A potential military intervention in Venezuela is apparently on the U.S. agenda, with significant U.S. naval and marine presence reportedly operating in proximity to Colombia, threatening invasion.
In a "Declaration of the Revolutionary Government" released by the Cuban government, a key backer of President Nicolas Maduro, the U.S. was accused of planning to intervene in Venezuela using the pretext of a humanitarian crisis, claiming recent events in the country amounted to an attempted coup that had so far failed.
"Between Feb. 6 and 10 military transport aircraft have flown to the Rafael Miranda Airport of Puerto Rico, the San Isidro Air Base, in the Dominican Republic and to other strategically located Caribbean islands, probably without knowledge of the governments of those nations," the declaration alleged. "These flights originated in American military installations from which units of Special Operations and Marine Corps operate, which are used for covert actions," it said.
In addition, deployment readiness of U.S. military forces to Colombia has stirred further concerns over a possible U.S. intervention. The latest reports suggested that U.S. Navy vessels are quietly moving closer to Venezuela as they are approximately 5-7 days' sailing time from Colombian waters, just over 400 miles (640 kilometers) from the Venezuelan border.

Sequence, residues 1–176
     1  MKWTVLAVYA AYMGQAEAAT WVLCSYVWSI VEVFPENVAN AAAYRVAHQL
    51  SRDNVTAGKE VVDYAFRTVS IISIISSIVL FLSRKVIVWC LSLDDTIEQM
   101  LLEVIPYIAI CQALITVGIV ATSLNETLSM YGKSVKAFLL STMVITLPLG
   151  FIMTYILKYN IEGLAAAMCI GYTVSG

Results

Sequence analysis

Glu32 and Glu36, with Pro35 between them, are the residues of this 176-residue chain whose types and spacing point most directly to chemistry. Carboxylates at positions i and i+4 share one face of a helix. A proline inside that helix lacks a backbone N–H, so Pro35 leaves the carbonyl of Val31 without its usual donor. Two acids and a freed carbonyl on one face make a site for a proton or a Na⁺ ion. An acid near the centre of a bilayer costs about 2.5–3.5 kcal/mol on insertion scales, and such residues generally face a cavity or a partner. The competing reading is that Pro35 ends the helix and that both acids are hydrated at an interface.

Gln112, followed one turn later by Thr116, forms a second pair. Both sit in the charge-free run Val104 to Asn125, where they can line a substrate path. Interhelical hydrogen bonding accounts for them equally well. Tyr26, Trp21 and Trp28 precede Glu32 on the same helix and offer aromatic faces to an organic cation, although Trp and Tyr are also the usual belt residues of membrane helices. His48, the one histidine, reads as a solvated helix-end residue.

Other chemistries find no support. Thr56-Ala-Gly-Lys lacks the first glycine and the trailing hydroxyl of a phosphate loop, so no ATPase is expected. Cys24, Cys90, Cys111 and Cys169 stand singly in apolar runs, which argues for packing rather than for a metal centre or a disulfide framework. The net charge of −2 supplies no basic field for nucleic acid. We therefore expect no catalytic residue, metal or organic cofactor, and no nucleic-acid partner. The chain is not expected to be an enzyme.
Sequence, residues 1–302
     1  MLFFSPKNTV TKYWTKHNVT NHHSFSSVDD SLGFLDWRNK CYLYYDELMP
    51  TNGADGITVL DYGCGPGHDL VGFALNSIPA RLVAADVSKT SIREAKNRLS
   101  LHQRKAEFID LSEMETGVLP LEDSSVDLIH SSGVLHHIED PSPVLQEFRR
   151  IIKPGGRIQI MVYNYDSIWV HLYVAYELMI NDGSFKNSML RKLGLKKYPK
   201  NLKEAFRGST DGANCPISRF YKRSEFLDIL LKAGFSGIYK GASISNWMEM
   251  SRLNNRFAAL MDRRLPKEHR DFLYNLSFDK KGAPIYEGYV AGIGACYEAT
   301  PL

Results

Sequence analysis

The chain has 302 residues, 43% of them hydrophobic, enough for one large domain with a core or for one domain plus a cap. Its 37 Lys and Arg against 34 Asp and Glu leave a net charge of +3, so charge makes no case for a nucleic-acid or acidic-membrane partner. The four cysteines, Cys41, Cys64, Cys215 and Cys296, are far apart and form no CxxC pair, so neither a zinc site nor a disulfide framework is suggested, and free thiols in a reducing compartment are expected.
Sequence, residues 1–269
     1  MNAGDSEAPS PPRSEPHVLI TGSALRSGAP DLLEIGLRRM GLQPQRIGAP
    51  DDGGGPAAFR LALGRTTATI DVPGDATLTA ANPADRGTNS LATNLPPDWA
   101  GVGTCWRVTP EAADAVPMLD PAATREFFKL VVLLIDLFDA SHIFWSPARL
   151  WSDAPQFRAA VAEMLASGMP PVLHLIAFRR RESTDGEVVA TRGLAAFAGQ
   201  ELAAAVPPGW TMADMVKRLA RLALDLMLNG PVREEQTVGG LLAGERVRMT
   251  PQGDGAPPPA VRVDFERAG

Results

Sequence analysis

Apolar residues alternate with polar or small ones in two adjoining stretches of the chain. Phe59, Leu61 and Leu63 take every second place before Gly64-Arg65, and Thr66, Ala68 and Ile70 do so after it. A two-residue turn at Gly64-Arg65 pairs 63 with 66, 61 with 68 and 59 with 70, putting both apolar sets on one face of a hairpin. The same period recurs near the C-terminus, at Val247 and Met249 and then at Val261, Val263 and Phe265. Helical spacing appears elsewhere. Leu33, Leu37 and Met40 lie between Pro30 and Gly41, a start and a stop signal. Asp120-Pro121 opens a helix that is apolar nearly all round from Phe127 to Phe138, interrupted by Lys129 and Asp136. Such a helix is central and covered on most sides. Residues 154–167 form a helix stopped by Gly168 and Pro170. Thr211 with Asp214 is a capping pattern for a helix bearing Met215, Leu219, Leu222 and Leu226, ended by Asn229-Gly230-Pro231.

U.S. President Donald Trump reaffirmed earlier this month that military intervention in Venezuela was "an option." The Venezuelan leader began a second six-year term on Jan. 10, having won elections in May that were boycotted by the opposition and rejected by 12 Latin American nations, including Colombia and Brazil.
U.S. Vice President Mike Pence has largely taken the lead within the Trump administration in condemning Maduro. He called the inauguration a sham and made clear the United States did not recognize the election result.
Maduro repeated his frequent warning that a U.S. invasion is imminent. He accused U.S. National Security Adviser John Bolton of overseeing a plot to replace him with a dictator. He alleged that Washington is using "dirty dollars, bled from the U.S. empire" to train 734 mercenaries in neighboring Colombia to carry out the plot.
Meanwhile, President Maduro revealed in an Associated Press (AP) interview that his government held secret talks with the Trump administration. At turns conciliatory and combative, Maduro said all Venezuela needs to rebound is for Trump to remove his "infected hand" from the country that sits atop the world's largest petroleum reserves.
He also cited the continued support of China and especially Russia, which has been a major supplier of loans, weapons and oil investment over the years. He said that the antagonistic views taken by Trump and Russian President Vladimir Putin runs the risk of converting the current crisis into a high-risk geopolitical fight between the U.S. and Russia that recalls some of the most dangerous brinkmanship of the Cold War.